Singapore, Apr 5 (UNI) India recognises Singapore's important role in its relations with the Association of Southeast Asia Nations (ASEAN), a regional grouping of 10 countries that is it working to further strengthen bilateral trade and cultural exchanges, Tourism and Culture Minister Ambika Soni said here today.
Speaking at the launch of Incredible India @ 60 cultural show, Ms Soni noted that Singapore's multiculturalism, pluralism and secularism resonated with India's own ethos and had helped in the growing ties between the two countries.
''The two countries are also cooperating in the revival of Nalanda University,''she pointed out.
The Minister led 75 artistes from all over India, including craftspersons and folk artists who had had come to Singapore, at the launch of the show at the city state's fashionable Orchard Road tourist belt.
The Incredible India @ 60 campaign in Singapore is jointly organised by the Indian Government and the Confederation of Indian Industry (CII) from April 4 to 7, with both economic and cultural components.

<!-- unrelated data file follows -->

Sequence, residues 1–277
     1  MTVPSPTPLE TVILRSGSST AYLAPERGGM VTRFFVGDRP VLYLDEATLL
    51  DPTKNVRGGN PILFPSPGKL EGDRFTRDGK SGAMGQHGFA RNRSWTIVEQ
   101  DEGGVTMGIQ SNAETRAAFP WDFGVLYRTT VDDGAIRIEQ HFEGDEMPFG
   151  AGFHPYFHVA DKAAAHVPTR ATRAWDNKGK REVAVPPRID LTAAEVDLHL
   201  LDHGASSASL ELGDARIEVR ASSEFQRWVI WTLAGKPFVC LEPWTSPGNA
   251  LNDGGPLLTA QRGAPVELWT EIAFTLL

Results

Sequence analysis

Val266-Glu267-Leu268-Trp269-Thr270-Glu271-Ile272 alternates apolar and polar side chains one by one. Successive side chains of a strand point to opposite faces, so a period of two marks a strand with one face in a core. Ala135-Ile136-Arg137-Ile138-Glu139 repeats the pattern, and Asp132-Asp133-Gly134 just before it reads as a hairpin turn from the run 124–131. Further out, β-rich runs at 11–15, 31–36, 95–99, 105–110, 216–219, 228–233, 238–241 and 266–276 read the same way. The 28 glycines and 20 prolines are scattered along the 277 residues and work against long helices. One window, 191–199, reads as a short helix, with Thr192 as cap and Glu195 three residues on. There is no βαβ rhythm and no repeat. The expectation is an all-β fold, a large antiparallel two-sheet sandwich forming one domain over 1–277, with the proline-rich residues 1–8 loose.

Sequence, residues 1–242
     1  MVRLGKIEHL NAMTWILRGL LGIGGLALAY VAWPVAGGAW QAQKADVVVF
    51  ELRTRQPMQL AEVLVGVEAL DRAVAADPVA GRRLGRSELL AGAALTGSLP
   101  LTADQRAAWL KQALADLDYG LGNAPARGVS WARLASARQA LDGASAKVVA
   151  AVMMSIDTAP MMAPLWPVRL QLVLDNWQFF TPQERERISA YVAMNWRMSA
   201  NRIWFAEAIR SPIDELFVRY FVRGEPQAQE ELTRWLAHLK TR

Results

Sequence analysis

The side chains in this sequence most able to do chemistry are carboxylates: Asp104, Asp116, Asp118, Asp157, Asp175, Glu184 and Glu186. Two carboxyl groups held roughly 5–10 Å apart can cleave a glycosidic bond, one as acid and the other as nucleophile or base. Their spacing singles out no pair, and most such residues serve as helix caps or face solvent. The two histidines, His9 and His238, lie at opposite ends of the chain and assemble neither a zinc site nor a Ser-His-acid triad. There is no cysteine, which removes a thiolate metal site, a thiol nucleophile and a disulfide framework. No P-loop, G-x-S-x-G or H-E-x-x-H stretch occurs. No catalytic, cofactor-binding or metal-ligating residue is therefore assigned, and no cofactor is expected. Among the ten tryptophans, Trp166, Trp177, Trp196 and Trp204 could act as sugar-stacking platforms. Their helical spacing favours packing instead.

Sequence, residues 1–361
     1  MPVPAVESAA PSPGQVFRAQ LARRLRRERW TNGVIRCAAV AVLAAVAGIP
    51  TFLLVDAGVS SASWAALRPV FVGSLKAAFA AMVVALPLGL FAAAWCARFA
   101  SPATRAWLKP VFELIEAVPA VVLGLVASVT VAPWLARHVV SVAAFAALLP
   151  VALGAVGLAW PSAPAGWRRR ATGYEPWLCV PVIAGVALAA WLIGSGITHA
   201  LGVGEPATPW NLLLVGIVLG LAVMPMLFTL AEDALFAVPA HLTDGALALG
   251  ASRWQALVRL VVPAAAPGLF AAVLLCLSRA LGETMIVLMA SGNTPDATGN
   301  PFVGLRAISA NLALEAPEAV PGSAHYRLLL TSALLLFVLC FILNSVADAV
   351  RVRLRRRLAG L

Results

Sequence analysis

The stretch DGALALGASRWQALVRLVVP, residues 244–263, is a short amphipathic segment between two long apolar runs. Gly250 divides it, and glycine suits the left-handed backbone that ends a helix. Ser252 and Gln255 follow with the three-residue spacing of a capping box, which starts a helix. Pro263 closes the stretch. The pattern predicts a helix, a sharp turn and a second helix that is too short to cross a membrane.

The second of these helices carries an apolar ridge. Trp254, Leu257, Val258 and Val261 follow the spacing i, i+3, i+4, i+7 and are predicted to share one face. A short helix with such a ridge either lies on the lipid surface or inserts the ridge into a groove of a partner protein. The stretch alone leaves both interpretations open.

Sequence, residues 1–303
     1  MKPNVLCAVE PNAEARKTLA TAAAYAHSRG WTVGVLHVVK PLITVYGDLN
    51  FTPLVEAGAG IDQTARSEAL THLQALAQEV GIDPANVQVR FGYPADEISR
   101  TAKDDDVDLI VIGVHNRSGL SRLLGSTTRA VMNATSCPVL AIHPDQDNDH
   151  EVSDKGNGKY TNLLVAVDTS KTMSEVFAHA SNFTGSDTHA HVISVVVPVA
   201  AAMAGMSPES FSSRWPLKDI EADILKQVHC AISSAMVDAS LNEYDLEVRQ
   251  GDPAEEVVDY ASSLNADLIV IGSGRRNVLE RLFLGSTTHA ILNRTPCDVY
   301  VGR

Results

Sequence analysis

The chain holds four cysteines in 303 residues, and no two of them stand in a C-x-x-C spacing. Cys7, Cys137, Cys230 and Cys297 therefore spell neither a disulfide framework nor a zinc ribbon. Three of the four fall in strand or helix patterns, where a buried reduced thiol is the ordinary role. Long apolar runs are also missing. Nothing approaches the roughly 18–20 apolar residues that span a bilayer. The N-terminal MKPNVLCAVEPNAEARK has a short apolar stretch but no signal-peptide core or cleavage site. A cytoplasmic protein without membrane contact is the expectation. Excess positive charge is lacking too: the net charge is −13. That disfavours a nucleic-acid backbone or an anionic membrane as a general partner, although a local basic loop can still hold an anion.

Singapore Minister of Communications, Information and The Arts, Dr Lee Boon Yang said the Cultural Festival is a good opportunity to showcase India's cultural heritage and for Singaporeans to better understand and appreciate the richness and diversity of India's arts and culture.
''This is particularly relevant to us as many Singaporeans can trace their ancestry back to their Indian roots,'' he said in his address as guest of honour at the event.
''India is a country with an ancient and deep rooted culture which stretches back to almost 5,000 years. This ancient heritage forms the bedrock and underpins the country's arts and culture,'' observed Dr Lee.
Singapore and India enjoy close and fruitful cultural ties. We have regular exchanges at both the government and community levels, he noted.
''We are particularly appreciative and grateful for India's support for such cultural exchanges which are important for our thriving arts and culture scene,'' he told a gathering of Indian and Singapore officials and a crowd of internatinal tourists.
He pointed out that Singapore's Asian Civilisation Museum's recent exhibition on 'The Nalanda Trail: Buddhism in India, China and Southeast Asia' was made possible with rare and significant loans of artifacts from the Indian Government.
UNI XC SLD RK2003